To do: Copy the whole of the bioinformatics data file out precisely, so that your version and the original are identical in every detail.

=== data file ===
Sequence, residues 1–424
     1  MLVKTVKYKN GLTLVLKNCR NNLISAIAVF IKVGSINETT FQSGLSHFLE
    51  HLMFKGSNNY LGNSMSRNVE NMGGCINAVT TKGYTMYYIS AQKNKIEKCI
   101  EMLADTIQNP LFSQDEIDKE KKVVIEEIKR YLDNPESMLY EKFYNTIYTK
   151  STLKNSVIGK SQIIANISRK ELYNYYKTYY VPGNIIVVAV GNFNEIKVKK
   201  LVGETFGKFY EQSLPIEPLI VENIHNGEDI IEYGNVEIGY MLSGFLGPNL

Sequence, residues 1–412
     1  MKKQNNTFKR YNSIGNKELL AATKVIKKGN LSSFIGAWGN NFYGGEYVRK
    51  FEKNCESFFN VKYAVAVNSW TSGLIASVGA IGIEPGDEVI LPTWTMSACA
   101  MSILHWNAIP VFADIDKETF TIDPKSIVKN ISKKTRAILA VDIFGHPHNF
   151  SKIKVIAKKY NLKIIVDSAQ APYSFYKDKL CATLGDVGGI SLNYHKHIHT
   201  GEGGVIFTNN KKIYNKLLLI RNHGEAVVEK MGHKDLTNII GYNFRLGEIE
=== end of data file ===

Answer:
Sequence, residues 1–424
     1  MLVKTVKYKN GLTLVLKNCR NNLISAIAVF IKVGSINETT FQSGLSHFLE
    51  HLMFKGSNNY LGNSMSRNVE NMGGCINAVT TKGYTMYYIS AQKNKIEKCI
   101  EMLADTIQNP LFSQDEIDKE KKVVIEEIKR YLDNPESMLY EKFYNTIYTK
   151  STLKNSVIGK SQIIANISRK ELYNYYKTYY VPGNIIVVAV GNFNEIKVKK
   201  LVGETFGKFY EQSLPIEPLI VENIHNGEDI IEYGNVEIGY MLSGFLGPNL

Sequence, residues 1–412
     1  MKKQNNTFKR YNSIGNKELL AATKVIKKGN LSSFIGAWGN NFYGGEYVRK
    51  FEKNCESFFN VKYAVAVNSW TSGLIASVGA IGIEPGDEVI LPTWTMSACA
   101  MSILHWNAIP VFADIDKETF TIDPKSIVKN ISKKTRAILA VDIFGHPHNF
   151  SKIKVIAKKY NLKIIVDSAQ APYSFYKDKL CATLGDVGGI SLNYHKHIHT
   201  GEGGVIFTNN KKIYNKLLLI RNHGEAVVEK MGHKDLTNII GYNFRLGEIE